Do we need to make chocolate great again? Of course not. It’s chocolate; it’s already great. It’s so great, in fact, that chocolate candy accounted for $11.2 billion—more than half—of the $21.5 billion that American consumers spent on candy in its entirety during the 52 weeks ending April 30, 2016, per Nielsen data. That makes chocolate the best-selling candy type in America.
But that doesn’t mean it couldn’t sell better. And it doesn’t mean that chocolate can afford to skate on its reputation alone—impeccable though it may be—if it hopes to keep flying off what’s become an increasingly crowded candy shelf. Although the number of new chocolate introductions is increasing, according to Innova Market Insights’ 2015 Global New Product Introductions report, there is competition with the growth of the snack category increasing at a faster rate. In North America, bars lead the snack category.
Chocolate candy is going through an evolution or a “reboot”—a freshening up that taps novel concepts, ingredients and inclusions to boost its relevance not just within a competitive category, but to a diversifying market of confectionery consumers. So as confectioners look to make chocolate even greater, some are considering using California almonds.
Trapped in its own success
Make no mistake: chocolate is in no danger of fading away. The Sterling-Rice Group’s 2014 “Global Chocolate Study” notes that consumers enjoy chocolate on about ten separate occasions per month, illustrating just how evergreen a treat it is.
But that same timeless appeal may complicate chocolate’s ability to sustain its success. As UK-based David Bradley—also known as “The Curious Confectioner”— explains, “With chocolate occupying so much of consumers’ stomach-share, chocolate confections have to work that much harder not only to maintain their position, but to keep consumers excited about coming back for more.”
Partly, that’s because the candy category now offers so many more choices for consumers to get excited about. But it’s also because today’s consumers expect more excitement from the candies they choose. “Blame the empowerment of the Internet, or the spotlight that social media shines on what we could be eating if only we had access to it,” Bradley speculates. “There has also been an increase of chocolate products as a target category where developers are producing more and more products with cleaner labels and fewer ingredients. Contemporary consumers are demanding that their confections reflect their wants, needs and values.”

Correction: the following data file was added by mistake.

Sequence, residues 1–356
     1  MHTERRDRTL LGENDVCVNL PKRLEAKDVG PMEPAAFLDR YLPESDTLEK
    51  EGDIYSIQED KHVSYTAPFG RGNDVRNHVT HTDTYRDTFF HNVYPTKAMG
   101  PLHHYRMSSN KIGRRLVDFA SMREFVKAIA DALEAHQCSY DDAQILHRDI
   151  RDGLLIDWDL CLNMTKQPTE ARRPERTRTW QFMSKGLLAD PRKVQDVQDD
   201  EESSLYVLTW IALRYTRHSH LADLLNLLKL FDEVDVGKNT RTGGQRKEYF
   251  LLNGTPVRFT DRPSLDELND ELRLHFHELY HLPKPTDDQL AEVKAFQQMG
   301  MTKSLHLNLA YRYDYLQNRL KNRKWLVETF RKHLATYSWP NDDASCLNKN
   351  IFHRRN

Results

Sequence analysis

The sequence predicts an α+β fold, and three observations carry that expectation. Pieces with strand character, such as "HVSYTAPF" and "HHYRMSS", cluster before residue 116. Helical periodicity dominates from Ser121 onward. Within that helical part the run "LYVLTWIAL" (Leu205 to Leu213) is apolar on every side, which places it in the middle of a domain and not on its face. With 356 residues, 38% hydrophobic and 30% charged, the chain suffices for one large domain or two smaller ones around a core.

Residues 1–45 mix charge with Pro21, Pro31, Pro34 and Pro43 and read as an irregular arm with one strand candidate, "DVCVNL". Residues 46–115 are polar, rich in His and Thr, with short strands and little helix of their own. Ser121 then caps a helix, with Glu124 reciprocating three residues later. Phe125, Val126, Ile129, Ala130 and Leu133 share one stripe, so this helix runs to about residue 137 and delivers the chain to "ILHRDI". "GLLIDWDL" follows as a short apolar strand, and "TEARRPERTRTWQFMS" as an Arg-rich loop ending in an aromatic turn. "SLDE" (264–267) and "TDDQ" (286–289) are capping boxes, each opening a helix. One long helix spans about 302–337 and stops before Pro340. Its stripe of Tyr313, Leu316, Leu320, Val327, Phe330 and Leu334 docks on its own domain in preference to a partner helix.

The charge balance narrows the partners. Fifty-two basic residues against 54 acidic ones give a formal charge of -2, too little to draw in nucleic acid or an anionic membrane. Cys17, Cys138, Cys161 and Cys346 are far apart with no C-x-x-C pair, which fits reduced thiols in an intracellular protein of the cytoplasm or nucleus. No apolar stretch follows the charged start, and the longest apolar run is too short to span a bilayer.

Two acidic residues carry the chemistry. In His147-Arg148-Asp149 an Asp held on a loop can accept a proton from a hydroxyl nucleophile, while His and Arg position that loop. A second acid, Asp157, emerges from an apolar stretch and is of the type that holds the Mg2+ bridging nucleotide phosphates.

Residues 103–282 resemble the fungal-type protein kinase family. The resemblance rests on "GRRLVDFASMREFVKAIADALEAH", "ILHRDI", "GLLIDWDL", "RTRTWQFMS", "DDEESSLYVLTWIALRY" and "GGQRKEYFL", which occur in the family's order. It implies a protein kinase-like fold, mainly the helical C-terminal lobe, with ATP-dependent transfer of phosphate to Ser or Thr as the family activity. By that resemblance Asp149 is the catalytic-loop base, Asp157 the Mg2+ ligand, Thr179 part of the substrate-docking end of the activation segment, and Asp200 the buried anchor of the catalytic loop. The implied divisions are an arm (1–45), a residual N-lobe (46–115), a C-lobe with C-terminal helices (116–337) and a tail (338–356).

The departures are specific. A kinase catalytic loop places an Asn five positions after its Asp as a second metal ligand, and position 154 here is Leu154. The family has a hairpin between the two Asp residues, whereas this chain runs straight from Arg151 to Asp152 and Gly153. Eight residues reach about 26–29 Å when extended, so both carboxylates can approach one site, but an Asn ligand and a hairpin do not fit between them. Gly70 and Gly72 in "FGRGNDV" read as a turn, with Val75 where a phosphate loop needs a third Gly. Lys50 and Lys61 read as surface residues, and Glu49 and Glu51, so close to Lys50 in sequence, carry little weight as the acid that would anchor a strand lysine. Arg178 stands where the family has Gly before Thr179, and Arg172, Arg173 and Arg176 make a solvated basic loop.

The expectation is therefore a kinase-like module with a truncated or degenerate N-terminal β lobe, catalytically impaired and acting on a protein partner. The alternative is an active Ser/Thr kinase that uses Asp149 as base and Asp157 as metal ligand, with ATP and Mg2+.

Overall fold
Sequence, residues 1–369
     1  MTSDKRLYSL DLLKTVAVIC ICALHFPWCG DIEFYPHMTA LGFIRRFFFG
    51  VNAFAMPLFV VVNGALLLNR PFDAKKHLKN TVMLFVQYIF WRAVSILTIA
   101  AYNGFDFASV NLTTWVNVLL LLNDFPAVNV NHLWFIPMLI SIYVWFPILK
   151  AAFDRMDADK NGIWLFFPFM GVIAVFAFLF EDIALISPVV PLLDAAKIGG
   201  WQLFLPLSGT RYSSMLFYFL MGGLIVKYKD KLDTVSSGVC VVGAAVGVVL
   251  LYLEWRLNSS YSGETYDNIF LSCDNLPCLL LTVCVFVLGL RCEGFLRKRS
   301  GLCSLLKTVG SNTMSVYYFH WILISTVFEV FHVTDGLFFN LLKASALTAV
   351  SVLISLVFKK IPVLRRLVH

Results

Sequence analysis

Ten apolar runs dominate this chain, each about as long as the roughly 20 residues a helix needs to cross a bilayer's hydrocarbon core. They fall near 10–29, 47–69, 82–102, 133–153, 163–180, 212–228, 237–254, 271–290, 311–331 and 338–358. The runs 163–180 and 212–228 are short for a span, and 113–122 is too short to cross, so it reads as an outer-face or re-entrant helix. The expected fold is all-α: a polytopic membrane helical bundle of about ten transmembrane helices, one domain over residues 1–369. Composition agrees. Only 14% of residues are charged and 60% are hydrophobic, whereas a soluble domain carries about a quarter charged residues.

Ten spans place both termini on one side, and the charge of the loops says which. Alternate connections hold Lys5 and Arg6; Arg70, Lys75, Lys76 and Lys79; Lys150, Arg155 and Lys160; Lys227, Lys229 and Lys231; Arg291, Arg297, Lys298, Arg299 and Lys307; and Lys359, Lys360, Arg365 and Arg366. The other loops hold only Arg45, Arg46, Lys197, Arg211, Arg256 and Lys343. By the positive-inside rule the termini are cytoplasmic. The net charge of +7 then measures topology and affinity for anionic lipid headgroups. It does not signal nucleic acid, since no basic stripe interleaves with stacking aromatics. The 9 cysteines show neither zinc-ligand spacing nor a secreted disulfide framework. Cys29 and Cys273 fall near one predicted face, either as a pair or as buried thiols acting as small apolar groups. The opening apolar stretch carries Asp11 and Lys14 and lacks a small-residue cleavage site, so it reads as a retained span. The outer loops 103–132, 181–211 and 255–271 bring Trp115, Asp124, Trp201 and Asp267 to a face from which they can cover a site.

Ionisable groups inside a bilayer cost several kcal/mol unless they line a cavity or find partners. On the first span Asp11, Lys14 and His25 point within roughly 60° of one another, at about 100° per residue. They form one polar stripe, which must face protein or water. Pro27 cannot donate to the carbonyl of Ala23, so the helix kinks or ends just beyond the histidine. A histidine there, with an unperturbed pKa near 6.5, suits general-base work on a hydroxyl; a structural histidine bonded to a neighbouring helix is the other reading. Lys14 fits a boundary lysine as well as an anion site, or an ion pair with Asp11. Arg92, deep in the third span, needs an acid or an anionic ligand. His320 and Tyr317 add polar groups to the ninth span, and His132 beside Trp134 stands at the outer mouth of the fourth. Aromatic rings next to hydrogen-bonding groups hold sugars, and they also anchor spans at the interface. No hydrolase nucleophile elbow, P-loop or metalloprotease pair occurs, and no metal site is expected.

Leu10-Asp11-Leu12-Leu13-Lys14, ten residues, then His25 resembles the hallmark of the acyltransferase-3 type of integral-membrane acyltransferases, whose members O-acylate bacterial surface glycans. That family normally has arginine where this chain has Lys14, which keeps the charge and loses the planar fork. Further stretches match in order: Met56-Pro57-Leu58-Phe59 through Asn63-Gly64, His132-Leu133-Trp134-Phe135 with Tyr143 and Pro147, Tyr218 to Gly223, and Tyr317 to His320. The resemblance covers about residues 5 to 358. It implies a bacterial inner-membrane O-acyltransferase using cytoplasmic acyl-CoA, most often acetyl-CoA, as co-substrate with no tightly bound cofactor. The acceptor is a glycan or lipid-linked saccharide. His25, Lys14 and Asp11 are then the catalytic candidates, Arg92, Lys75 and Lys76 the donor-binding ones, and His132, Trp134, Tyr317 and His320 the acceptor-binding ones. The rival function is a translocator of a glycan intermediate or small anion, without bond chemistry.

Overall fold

That’s a tough bill to fill, and a glance at the trend lines suggests that chocolate may be falling short. Despite growing 32 percent from $84 billion in 2009 to $111 billion in 2014, according to Euromonitor International’s July 2014 “Global Confectionery Overview,” worldwide chocolate confectionery sales face headwinds nonetheless. This comes in part from increased choices and options available in snacking.
As evidence, consider that Innova Market insights, in its “Global New Product Introductions” report of May 2016, found that global chocolate introductions increased less than global food introductions overall between 2014 and 2015. There were 22,716 overall new confectionery product introductions in 2015, down two percent from the previous year. “What that tells us,” says Harbinder Maan, senior marketing manager at the Almond Board of California, “is that going forward, chocolate products will have to ‘raise their voices’ amidst the din if the confectionery industry wants to get chocolate’s growth curve bending in the right direction.”
The question for confectioners then becomes how best to amplify chocolate’s voice. A key answer lies within the same data that contains chocolate’s less sanguine projections. As Innova researchers tracked a declining share of global confectionery sales attributable to chocolate, they found that the total share of confectionery introductions involving chocolate with almonds actually grew 8 percent from 2014 to 2015, with a total of 2,364 new products introduced in 2015.
More revealing still, among all global chocolate introductions, those that specifically included almonds increased the fastest, soaring 18.2 percent during the same period. And as if that weren’t enough, Sterling-Rice found that almonds now represent 54 percent of all chocolate-with-nut occasions, and an impressive 31 percent of total chocolate occasions. “This all adds up to data-driven proof,” Maan says, “that if confectioners want to make a compelling statement with their chocolates, almonds have a persuasive body of benefits to add.”
Matters of taste—and flavor
Of course, confectioners—and consumers—could have told us that from the start. After all, anyone who’s enjoyed an almond-packed chocolate bar “gets” the appeal of the pairing. But it’s still worth examining just how harmonious a marriage chocolate and almonds can be—and why the match works as well as it does.